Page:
There is an increasing need to collaborate between government agencies in developing models to look for better ways to provide the services their citizens need. Often this involves working with a lot of privacy sensitive data. And therefore there are a lot of (legal) issues in sharing these data sets and subsequently the models. I have been looking for ways to generate synthetic data sets with the same properties and structure as the real data sets but without the real rows of data. In this search, this article was very helpful: http://gradientdescending.com/generating-synthetic-data-sets-with-synthpop-in-r/. Based on this article I made a small demo and presented it to colleagues. The example here will use a generated data set for reproducibility.
library(tidyverse) library(msm) library(synthpop) set.seed(20190518)
We will generate a couple of features and put them in a data frame. And perform some corrections. In some variables there will be missing values.
sex <- sample(c("M", "F", NA), 5000, replace = TRUE, prob = c(0.49, 0.5, 0.01)) age <- round(rtnorm(n = 5000, mean = 45, sd = 24, lower = 0, upper = 99)) income <- sample(c("High", "Middle", "Low", 9999999), 5000, replace = TRUE, prob = c(30, 40, 25, 5)) #Names of neighbourhoods in Nijmegen neighbourhood <- sample(c("Wolfskuil", "Biezen", "Centrum", "Hatert", "Hunnerberg", "Altrade"), 5000, replace = TRUE, prob = c(0.15, 0.2, 0.1, 0.25, 0.15, 0.15)) married <- sample(c("Married", "Single"), 5000, replace = TRUE, prob = c(0.45, 0.55)) kids <- sample(c(0:4), 5000, replace = TRUE, prob = c(0.4, 0.3, 0.2, 0.08, 0.02)) df_og <- data.frame(sex, age, income, neighbourhood, married, kids) %>% mutate(married = ifelse(age < 18, "Kid", married), kids = ifelse(age < 18, 0, kids)) head(df_og, 2)
## sex age income neighbourhood married kids ## 1 M 74 Low Biezen 2 1 ## 2 F 74 Middle Hatert 1 1
The missing values will be replicated in the synthesized data frame. We will also make sure no one under the age of 18 will be married or has kids in the synthesized data. To do that we will make a couple of lists that we will use later when we will synthesize the data.
rules <- list(married = "age < 18", kids = "age < 18") rules_values <- list(married = "Kid", kids = 0) missings <- list(sex = c(NA), income = c("9999999"))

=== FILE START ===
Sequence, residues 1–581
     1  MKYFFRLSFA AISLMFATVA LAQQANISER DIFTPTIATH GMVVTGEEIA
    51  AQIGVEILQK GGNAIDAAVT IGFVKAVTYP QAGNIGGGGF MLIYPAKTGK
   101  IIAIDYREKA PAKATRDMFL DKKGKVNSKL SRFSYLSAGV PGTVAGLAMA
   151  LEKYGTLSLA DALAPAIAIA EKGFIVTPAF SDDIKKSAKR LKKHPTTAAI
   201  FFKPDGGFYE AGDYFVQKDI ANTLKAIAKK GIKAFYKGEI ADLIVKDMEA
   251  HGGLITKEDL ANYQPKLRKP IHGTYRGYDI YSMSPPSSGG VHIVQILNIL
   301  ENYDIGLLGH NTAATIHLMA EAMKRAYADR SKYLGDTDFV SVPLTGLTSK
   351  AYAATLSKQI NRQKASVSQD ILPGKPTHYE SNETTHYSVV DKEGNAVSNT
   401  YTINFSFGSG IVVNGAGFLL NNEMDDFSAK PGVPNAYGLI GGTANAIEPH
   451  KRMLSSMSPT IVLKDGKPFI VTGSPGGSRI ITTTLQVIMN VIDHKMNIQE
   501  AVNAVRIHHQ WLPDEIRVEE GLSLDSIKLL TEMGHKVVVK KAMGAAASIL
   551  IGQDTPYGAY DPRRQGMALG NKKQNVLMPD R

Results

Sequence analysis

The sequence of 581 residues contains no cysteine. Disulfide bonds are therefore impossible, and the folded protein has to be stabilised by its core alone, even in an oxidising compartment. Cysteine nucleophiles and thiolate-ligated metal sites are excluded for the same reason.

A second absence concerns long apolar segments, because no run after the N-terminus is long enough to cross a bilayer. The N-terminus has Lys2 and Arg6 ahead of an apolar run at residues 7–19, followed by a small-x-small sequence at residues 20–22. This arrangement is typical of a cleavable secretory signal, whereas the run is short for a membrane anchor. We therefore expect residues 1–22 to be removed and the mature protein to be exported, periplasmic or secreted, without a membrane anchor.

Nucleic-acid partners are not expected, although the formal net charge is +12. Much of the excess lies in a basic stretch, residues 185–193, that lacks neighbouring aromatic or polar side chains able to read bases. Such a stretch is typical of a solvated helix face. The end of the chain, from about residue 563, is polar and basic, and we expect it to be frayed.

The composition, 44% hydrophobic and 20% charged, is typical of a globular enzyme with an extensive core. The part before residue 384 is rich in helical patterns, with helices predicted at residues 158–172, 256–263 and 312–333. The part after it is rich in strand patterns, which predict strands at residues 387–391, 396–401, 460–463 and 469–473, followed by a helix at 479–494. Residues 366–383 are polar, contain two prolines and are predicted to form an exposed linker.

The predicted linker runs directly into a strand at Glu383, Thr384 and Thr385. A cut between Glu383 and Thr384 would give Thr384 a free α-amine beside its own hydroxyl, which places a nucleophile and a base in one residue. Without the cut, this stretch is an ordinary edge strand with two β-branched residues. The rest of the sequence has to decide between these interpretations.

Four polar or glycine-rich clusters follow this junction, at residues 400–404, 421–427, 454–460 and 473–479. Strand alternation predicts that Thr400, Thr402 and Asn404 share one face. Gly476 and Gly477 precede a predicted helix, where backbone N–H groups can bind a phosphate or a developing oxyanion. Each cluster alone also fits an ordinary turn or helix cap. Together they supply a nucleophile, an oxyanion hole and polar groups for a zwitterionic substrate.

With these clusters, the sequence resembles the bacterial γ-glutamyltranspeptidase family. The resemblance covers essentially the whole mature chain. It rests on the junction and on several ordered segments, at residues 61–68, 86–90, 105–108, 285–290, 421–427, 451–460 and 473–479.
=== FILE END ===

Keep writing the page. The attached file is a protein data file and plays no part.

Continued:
With the definition of these rules done, we’re ready to synthesize our original (already fake) data.
df_synth <- syn(df_og, cont.na = missings, rules = rules, rvalues = rules_values, print.flag = FALSE)
## ## Variable(s): married have been changed from character to factor.
## sex age income neighbourhood married kids ## 1 M 54 Middle Hunnerberg 1 1 ## 2 M 93 Middle Hatert 2 1 ## 3 M 52 Low Biezen 2 1 ## 4 M 60 High Hunnerberg 1 3 ## 5 F 71 Low Hatert 2 1 ## 6 F 49 9999999 Altrade 1 2
The package contains a really convenient way to compare the synthesized and original data set. In these plots you can check if the distributions of the data are correct. You’ll see that the distributions are not totally the same, but very close. The rules we set are also nicely followed. No one under 18 is married or has any kids. great!
cmpr <- compare(df_synth, df_og, nrow = 2, ncol = 3) cmpr$plots
df_synth$syn %>% filter(age < 18) %>% count(married, kids)
## # A tibble: 1 x 3 ## married kids n ## <fct> <dbl> <int> ## 1 Kid 0 510
The synthpop package is easy to use and does an overall good job of synthesizing data. This way of synthesizing data has a lot of potential to make sharing data about privacy sensitive matters easier and safer. For a more detailed overview of how the synthpop package works, look at the CRAN vignette: https://cran.r-project.org/web/packages/synthpop/vignettes/synthpop.pdf. For more complex and hierarchical datasets other packages might be required. For an overview of other options to synthesize (more complex) data, see : https://www.jstatsoft.org/article/view/v079i10.